By definition, a rotary draw bend is formed by drawing the workpiece around a rotating bend former. The leading edge of the material to be bent is clamped to the bend forming die, while material rests between the forming die groove and the opposing force, commonly referred to as the counter bend or pressure die. The forming die rotates to desired degree of bend completing the process.
What Is Centerline Radius?
Often, centerline radius (CLR) is confused with the degree of bend. CLR is the distance from the center of the forming die to the centerline of the material to be bent. This distance often is overlooked, yet it is critical to achieving appropriate bend quality.
Factors that affect the CLR include the material grade to be bent, wall thickness, the type of bender to be used, the application, and overall appearance required. Generally speaking, CLR dimensions produce bends with better quality and appearance to the eye.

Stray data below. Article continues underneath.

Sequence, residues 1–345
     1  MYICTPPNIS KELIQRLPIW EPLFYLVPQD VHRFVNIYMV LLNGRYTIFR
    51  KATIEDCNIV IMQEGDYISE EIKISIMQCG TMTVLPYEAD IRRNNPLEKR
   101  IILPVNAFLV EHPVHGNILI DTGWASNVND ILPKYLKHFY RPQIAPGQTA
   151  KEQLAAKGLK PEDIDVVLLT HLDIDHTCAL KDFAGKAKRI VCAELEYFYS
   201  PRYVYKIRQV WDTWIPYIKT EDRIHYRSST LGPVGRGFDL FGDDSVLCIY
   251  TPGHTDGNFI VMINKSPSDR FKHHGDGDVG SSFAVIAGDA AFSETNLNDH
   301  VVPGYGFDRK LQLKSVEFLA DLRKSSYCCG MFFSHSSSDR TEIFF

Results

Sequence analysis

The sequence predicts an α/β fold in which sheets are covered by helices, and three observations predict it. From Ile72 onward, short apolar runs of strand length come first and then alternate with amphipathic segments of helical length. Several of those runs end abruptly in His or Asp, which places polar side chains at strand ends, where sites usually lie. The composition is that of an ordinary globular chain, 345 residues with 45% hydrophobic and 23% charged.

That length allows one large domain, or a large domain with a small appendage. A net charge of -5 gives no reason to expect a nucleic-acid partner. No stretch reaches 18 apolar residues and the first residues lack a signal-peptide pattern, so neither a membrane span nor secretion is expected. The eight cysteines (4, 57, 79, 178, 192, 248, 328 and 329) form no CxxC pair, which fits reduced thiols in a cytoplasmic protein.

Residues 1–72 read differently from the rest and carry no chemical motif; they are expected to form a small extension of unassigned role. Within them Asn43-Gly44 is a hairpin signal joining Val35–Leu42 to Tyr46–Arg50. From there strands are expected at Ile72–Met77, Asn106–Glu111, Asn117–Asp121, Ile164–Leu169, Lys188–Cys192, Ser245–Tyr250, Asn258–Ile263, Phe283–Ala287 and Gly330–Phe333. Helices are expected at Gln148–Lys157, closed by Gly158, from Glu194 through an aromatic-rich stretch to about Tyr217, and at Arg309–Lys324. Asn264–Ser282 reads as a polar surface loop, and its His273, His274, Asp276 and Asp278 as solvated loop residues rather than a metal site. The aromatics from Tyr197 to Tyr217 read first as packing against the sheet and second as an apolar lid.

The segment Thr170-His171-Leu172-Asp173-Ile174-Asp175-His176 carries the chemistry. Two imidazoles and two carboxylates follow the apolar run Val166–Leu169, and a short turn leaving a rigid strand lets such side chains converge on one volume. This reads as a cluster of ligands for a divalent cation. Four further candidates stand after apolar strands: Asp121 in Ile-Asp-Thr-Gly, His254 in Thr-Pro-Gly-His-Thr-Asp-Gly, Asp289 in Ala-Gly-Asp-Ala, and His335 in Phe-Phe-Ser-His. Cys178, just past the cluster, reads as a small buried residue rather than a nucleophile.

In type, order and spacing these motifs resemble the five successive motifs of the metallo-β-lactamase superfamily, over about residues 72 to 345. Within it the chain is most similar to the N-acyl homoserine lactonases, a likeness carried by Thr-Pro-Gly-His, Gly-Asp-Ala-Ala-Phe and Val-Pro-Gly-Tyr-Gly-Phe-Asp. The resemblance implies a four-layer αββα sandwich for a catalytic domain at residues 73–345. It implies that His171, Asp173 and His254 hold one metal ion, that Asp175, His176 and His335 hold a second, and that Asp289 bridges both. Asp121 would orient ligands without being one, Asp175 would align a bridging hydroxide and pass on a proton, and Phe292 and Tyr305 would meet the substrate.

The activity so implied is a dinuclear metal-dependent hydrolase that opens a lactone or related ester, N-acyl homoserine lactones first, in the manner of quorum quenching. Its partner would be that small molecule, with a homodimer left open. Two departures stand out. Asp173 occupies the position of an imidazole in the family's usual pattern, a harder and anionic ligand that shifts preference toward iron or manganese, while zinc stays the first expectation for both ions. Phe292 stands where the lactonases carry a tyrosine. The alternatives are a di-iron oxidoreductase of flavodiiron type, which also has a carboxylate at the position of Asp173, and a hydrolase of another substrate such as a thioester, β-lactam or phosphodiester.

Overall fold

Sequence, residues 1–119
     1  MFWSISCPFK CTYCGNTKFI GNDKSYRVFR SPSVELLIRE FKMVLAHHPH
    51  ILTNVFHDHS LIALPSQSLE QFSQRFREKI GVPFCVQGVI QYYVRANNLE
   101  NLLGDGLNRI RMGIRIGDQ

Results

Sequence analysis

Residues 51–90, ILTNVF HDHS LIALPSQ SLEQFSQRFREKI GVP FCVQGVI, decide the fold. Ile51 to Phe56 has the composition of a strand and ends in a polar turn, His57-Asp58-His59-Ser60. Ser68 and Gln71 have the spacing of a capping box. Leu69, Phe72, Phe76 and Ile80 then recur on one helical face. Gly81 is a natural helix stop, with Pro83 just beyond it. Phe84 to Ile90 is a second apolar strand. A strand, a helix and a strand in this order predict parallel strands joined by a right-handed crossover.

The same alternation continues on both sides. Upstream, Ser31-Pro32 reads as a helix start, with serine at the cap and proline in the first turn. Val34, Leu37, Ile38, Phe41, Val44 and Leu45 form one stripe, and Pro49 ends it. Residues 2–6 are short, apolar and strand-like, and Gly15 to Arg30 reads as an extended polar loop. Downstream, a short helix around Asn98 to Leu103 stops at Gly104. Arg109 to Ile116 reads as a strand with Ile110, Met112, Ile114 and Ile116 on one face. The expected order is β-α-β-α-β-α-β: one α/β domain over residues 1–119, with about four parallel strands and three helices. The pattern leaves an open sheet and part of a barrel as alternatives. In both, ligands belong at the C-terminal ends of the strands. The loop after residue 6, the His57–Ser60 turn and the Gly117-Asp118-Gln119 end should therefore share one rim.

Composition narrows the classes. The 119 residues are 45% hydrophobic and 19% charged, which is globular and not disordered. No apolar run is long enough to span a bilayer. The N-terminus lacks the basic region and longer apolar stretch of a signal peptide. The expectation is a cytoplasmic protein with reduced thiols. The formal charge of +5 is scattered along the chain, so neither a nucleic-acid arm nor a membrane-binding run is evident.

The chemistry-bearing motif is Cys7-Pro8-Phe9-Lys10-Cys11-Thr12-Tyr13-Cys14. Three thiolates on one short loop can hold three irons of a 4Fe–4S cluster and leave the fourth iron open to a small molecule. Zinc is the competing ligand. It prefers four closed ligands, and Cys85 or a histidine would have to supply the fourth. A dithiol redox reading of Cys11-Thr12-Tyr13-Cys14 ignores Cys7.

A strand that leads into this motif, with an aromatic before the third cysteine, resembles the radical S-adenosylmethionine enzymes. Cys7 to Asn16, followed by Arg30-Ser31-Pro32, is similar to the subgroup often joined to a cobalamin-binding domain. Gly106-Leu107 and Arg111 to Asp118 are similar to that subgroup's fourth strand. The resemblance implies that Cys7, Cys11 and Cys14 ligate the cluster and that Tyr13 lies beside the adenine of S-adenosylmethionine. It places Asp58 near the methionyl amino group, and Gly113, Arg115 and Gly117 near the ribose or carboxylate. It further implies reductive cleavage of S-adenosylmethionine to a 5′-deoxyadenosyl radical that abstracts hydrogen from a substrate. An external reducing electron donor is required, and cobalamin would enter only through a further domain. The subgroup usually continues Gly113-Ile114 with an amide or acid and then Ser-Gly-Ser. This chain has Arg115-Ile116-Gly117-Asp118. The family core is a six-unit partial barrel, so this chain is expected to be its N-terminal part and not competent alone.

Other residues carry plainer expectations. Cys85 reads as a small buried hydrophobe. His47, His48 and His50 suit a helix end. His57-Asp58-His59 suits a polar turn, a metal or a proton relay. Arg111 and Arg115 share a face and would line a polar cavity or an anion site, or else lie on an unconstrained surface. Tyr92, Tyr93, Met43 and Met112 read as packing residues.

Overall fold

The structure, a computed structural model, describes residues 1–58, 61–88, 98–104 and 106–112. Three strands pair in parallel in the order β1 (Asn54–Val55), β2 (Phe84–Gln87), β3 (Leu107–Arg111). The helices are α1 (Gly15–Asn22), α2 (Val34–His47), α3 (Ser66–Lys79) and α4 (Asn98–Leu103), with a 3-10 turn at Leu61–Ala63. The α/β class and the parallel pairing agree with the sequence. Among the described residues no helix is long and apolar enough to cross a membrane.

Bending materials to CLR less than two times the material diameter requires internal support of a mandrel to prevent the tube from collapsing. Rotary draw mandrel bending generally requires more expensive machinery and tooling than nonmandrel-style rotary draw machines. For this reason, be sure to review the application’s CLR carefully during the design stage, and consider the cost of manufacturing.
What Is The Maximum Degree Of Bend?
This may sound simple; however, it is not if you are not given prints and are asked to reproduce parts from sample pieces.
Rotary draw bending tooling usually is designed to accept a maximum bend angle of 180 degrees. When selecting bending machinery for your application, be sure the machine program or system allows for slight overbending to compensate for springback during the bend cycle.
Selecting a bending machine with a programmable bend angle setting can provide high bend accuracy and ease of use.